4. @Lawstudent97 Based on attendance at Welcome Day in February, I would not expect another "major round." My guess is that they have sent offers out to fill nearly all seats. Of course, not all applicants will accept, so more offers will be sent out over the course of the next 4-8 weeks. But I don't think it'll be "major," and it's likely to be after April 1. Time will tell, I guess.
  5. @Mandy555 Just out of curiosity, why are you concerned with signing up for an email that may never be used (since you provisionally accepted)? Also, why is anyone here concerned about signing up for an email that won't likely be used for at least 5 months? Do you plan to start using it for some unknown purpose? Certainly, you won't be receiving anything from Osgoode until you're told to sign up for an email. Relax everyone.
  6. On its own, the email is not the admissions package. If you did not receive the package via a link in the second paragraph, then contact Osgoode directly. Same goes for @Nachklang. The forum isn't a good place to solicit a copy.
  7. I won't comment on chances, specifically, because I am an applicant myself and I lack the experience that some of the members here possess. However, it would also be relevant to share if you applied in the general category at each school, or if you applied as a mature student based on your work experience. At any rate, take any feedback that you receive here with a grain of salt. Every application is unique, and law schools will assess your complete file, several of which typically "see beyond the numbers." Best of luck!
  8. @LLawS That sounds like quite a difficult situation to be in. @ProfReader offered a good suggestion regarding the lease; maybe don't just read up on it, but ascertain good local legal advice on the matter. If Dalhousie offers you admission, I'm sure you'd rather stay in your current apartment, so why not do everything you can to stay put? Also, employers are unlikely to hire a person that says, "I might be available until August, or I might be available until August 2020, but I won't know for sure until a law school notifies me." While it may seem unethical, I would not be upfront about this in an interview. I'd suggest only notifying your prospective employer as @Luckycharm said, after you receive an offer of admission. Otherwise, you may find it impossible to be hired. Aside from the above advice, try your best to focus on aspects of your life that do not involve the uncertainty that comes with the law school admission process. Focus on you, living a healthy lifestyle, locating meaningful employment, etc. Many of life's situations and circumstances are largely out of your control, so instead, focus on areas and aspects of your life that are in your full and total control. Put your best foot forward, and good luck!!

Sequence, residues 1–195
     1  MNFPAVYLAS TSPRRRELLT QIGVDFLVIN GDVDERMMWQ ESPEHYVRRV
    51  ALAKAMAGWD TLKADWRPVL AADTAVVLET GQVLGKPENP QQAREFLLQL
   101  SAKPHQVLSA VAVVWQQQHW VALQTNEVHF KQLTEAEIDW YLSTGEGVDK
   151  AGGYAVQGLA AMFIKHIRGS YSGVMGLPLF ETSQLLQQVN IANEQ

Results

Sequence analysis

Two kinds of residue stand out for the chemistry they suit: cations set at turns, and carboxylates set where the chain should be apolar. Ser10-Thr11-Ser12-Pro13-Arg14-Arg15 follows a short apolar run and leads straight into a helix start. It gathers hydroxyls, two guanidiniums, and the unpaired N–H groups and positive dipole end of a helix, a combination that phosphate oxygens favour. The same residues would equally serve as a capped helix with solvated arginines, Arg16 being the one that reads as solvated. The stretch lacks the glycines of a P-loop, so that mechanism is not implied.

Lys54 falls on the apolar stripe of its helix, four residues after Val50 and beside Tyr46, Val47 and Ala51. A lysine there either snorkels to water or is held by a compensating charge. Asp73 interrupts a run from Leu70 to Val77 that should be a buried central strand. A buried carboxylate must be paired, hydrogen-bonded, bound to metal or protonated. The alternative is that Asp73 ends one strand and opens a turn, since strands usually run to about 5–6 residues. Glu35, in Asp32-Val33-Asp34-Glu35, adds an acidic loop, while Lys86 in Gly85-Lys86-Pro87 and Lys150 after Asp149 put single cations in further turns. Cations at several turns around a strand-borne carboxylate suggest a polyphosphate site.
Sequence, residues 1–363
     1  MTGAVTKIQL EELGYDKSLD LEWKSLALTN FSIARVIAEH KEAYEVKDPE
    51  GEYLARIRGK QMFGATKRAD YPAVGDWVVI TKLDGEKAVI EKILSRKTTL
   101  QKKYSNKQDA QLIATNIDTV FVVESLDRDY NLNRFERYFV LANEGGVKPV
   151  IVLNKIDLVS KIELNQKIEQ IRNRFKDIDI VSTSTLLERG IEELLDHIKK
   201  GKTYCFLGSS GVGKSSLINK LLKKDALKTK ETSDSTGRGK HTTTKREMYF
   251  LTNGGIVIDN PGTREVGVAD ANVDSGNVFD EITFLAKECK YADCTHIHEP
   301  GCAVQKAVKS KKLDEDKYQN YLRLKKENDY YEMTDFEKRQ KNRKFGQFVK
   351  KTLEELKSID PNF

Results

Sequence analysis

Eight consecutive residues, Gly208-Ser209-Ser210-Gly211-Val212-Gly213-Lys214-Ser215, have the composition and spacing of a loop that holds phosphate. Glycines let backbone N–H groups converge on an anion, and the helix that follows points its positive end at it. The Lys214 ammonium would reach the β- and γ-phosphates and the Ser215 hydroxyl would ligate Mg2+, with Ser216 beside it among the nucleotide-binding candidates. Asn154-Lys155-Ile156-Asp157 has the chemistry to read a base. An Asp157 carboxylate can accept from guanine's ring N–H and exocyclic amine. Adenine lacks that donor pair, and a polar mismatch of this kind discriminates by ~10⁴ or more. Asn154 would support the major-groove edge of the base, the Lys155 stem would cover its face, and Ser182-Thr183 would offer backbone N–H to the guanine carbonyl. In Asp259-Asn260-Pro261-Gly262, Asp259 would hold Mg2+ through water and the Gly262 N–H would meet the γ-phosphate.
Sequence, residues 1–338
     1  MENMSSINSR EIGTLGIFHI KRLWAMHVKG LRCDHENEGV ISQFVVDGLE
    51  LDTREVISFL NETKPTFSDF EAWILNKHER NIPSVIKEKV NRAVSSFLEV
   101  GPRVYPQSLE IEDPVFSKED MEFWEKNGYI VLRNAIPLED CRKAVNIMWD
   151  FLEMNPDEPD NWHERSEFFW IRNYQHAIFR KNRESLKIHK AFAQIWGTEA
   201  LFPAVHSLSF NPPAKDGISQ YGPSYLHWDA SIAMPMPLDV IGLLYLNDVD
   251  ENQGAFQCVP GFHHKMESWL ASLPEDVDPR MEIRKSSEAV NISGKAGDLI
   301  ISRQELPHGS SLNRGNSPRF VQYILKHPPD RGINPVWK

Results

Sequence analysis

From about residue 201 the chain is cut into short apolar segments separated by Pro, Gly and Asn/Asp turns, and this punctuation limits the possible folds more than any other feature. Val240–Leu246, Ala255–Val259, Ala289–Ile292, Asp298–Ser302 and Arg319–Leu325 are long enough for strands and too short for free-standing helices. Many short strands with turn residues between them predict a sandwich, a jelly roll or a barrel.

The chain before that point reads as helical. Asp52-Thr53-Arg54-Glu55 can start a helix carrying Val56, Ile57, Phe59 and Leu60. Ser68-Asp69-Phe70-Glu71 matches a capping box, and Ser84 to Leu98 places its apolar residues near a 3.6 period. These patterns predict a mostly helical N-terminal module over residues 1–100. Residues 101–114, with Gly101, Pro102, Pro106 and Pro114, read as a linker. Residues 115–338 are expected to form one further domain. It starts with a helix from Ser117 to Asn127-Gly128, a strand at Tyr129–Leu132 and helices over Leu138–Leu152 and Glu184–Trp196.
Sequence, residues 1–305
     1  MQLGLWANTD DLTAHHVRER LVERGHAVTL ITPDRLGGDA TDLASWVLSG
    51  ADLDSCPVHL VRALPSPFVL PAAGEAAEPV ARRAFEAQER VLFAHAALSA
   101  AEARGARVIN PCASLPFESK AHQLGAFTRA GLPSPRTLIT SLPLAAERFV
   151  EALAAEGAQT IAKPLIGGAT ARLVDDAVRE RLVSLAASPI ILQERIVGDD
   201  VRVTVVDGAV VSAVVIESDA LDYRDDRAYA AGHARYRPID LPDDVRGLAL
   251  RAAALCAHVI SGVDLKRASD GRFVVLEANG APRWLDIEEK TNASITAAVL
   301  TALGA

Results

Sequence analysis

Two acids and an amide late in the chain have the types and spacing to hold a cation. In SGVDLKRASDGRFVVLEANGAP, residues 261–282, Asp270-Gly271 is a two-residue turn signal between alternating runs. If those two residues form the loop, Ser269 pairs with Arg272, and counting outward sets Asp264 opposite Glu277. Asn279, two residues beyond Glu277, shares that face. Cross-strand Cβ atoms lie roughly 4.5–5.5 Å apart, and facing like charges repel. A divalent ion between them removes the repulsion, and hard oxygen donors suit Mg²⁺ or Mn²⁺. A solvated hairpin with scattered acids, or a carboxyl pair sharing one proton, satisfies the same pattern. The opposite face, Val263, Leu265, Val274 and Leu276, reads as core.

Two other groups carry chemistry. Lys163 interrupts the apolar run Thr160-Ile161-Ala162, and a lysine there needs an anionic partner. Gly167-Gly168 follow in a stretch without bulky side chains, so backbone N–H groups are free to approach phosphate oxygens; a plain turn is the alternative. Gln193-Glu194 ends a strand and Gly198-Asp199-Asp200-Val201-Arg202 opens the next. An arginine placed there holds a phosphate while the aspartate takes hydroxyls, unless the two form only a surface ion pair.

9. Good stuff. Congratulations and good luck! It's an honour and privilege to even receive one offer. I wish you the best.
  10. For comparison purposes, I have not yet received an offer from uOttawa with the same LSAT score (awaiting January re-write), and my CGPA is 3.71. L2/B2 is ~ 3.9. However, I applied as a mature student, so that likely isn't much help to you. Maybe have a look at last year's Accepted thread to see where you might stand. That's a really interesting and confident approach, to say the least. Any word back yet from the nine schools, eight of which offered you admission last year? Also, did you only apply to schools that you have decisively chosen would be suitable to attend in September 2019, or are you still undecided? I wish I had your money.
  11. Actually, according to AJD19 in another thread: Posted November 21, 2018 (edited) Dont worry about high school grades, apart from having good enough grades to get into college/university. I was expelled from high school and ended up getting into 8 law schools. Just do well during your undergrad. You can do an undergrad in literally anything. Edited November 21, 2018 by AJD19 None of the eight law schools that accepted you were willing to defer your admission while you worked full-time for the past year?